Let me first convey to you a heartfelt thank you for giving me the opportunity to serve you. I also feel that we collectively owe a debt of gratitude to Alvin Wang, our out-going President. Alvin has been (and continues to be, as Past-President) an outstanding leader for Psi Chi, effectively guiding our society through one of its most complex transitional periods. This period has included the vote for Psi Chi to become an international organization, as well as personnel changes and extensive technology development within the Central Office. (You might even be reading a new, digital version of the Eye on Psi Chi right now). Thanks, Alvin, for all your continued hard work and for showing me the ropes.
|A Brief Overview of Ongoing Psi Chi Initiatives|
|Michael D. Hall, PhD, Psi Chi President, James Madison University (VA)|
I consider this one of the most exciting times in our organization’s distinguished history. This excitement can be captured by an examination of three of Psi Chi’s primary initiatives for the upcoming year. First, our Society is already large, and is likely on the cusp of unprecedented growth as our promotion of Psi Chi as an international organization continues. We anticipate the installation of many new chapters around the globe and will be seeking initial connections with major psychological organizations that sponsor international conferences.
The Board of Directors also is concentrating efforts on establishing additional award and grant opportunities for student members. Particular attention will be paid to expanding opportunities across educational levels. This includes fostering the involvement of graduate students, as well as improving the strength of Psi Chi connections with community and junior colleges. Graduate student members have traditionally overlooked the fact that Psi Chi can be of further assistance to their educational goals, and additional awards targeted at funding graduate-student research or conference presentation would help address this problem. Strengthening connections with related groups at community colleges and junior colleges would further help to foster the development of potential future leaders in Psi Chi. We also want to hear about what kinds of award programs you feel are most needed. Toward this end, your chapter should already have received notification about a very brief online survey of award interests that we would like each of you to complete. This survey is accessible from a direct link that is available on the Society homepage, www.psichi.org.
Finally, understanding diversity is critical to the advancement of psychology, and thus the Society’s mission. Its importance lies not only in the contributions that it can make to effective clinical practice, but also in helping to identify a host of potentially important sociocultural variables for explanations of individual differences in experimental psychology. As a result, Psi Chi is very interested in helping to better serve populations that have long been under-represented in our organization. The Board of Directors recently re-established a diversity task force. This group is focusing on creating opportunities to encourage greater involvement from ethnic minorities, to share fundamental information about diversity as it relates to the advancement of psychological science, and to support the work of Psi Chi members on diversity-related issues.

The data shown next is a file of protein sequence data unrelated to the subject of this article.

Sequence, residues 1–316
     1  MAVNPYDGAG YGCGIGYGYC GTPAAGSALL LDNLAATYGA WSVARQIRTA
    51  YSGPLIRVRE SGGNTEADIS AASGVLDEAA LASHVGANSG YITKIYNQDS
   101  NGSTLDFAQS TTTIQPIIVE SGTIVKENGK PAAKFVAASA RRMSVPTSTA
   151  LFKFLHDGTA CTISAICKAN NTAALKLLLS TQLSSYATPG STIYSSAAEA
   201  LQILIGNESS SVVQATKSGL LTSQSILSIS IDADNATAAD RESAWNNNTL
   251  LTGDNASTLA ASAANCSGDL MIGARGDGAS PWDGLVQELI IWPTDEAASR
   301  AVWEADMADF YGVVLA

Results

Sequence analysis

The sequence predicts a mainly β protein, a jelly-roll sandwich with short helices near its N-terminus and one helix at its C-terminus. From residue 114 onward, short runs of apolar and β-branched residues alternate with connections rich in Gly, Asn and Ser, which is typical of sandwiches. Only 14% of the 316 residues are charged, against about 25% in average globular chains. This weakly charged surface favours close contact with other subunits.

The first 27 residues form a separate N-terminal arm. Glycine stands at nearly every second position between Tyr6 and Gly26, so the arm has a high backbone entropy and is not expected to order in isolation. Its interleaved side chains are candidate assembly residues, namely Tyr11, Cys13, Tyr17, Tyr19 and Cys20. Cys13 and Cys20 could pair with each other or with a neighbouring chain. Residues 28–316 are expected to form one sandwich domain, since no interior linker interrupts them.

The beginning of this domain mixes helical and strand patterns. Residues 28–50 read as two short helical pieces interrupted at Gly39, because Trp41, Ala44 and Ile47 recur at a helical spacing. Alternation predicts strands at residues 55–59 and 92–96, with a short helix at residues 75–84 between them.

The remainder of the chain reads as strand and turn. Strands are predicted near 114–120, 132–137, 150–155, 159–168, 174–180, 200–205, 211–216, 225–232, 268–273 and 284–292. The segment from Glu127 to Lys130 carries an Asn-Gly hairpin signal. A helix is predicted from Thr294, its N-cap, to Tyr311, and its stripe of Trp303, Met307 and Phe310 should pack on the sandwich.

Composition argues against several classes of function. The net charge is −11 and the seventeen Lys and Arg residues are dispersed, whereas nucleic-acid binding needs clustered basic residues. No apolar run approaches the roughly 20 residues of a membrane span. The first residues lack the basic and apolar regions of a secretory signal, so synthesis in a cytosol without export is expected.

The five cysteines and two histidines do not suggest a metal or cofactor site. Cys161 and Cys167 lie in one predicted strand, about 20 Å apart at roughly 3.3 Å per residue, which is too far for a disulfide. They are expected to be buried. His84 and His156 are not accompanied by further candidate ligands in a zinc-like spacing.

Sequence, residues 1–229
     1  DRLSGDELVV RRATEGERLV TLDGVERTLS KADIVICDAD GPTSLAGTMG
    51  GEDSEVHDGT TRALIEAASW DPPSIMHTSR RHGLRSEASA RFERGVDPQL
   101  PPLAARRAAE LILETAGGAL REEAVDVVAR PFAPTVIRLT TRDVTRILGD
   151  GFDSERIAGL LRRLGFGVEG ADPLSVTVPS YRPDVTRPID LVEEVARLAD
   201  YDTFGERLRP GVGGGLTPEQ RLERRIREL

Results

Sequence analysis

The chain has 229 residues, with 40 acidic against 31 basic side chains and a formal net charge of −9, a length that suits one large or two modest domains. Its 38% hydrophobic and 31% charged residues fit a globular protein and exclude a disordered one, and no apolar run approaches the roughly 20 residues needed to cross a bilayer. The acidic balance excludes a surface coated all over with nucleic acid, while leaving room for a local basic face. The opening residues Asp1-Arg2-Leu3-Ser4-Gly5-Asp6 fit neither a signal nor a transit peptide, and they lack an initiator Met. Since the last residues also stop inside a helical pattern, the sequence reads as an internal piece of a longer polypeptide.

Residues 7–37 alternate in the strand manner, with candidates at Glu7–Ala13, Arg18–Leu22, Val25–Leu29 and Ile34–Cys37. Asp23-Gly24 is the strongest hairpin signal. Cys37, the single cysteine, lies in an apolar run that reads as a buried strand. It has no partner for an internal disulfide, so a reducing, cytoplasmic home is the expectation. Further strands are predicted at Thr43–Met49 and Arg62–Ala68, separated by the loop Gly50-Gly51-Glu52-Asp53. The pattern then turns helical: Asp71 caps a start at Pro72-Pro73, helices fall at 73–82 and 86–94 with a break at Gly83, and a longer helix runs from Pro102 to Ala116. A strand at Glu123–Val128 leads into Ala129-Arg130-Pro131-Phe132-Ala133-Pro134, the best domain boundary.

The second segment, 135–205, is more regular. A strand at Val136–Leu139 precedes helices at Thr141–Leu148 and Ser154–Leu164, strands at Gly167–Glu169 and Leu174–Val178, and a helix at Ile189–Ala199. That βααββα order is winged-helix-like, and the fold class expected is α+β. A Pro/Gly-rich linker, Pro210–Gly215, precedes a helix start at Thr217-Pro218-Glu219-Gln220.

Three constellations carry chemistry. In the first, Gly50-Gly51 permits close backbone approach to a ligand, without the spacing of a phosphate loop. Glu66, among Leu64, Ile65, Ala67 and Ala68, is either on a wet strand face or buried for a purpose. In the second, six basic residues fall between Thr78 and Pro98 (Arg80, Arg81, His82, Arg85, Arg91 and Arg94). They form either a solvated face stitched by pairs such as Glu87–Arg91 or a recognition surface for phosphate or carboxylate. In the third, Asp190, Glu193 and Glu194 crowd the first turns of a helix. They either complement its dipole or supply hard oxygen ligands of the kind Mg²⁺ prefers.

Suffice it to say, I am looking forward to a great year in our organization, and to meeting many of you at regional and national conventions. I also know that the organization would be very interested in hearing from you or your chapter if there is anything that you would like to suggest with respect to further expanding the availability of information or benefits to members. This open communication is absolutely necessary if Psi Chi is to ultimately address the needs and interests of its members. So please do not hesitate to contact me at
email@example.com or the Central Office staff (you can e-mail them individually HERE).
Hall, PhD, is an associate professor at James Madison University. He earned his
PhD in experimental psychology from Binghamton University SUNY. His
psychoacoustic research on speech and music perception has appeared in top-tier
journals. He has chaired conference sessions for APA, WPA, and the Acoustical
Society of America, and has organized international meetings of the Society for
Music Perception and Cognition. While teaching at the University of Nevada, Las
Vegas (UNLV), he received Psi Chi’s Regional Faculty Advisor Award, in addition
to UNLV’s highest teaching distinction. HE currently serves on the Southeastern
Regional Steering Committee, which plans Psi Chi events and student awards at
the meeting of SEPA, and Western Region. Dr. Hall joined the Psi Chi national
council as the Western Regional Vice-President from 2003-05, serving on
Internal and External Affairs committees, as well as on the Diversity Task
Copyright 2010 (Volume 15, Issue 1) by Psi Chi, the
International Honor Society in Psychology
Eye on Psi Chi is a magazine designed to keep members
and alumni up-to-date with all the latest information about Psi Chi’s programs,
awards, and chapter activities. It features informative articles about careers,
graduate school admission, chapter ideas, personal development, the various
fields of psychology, and important issues related to our discipline.
Eye on Psi Chi is published quarterly: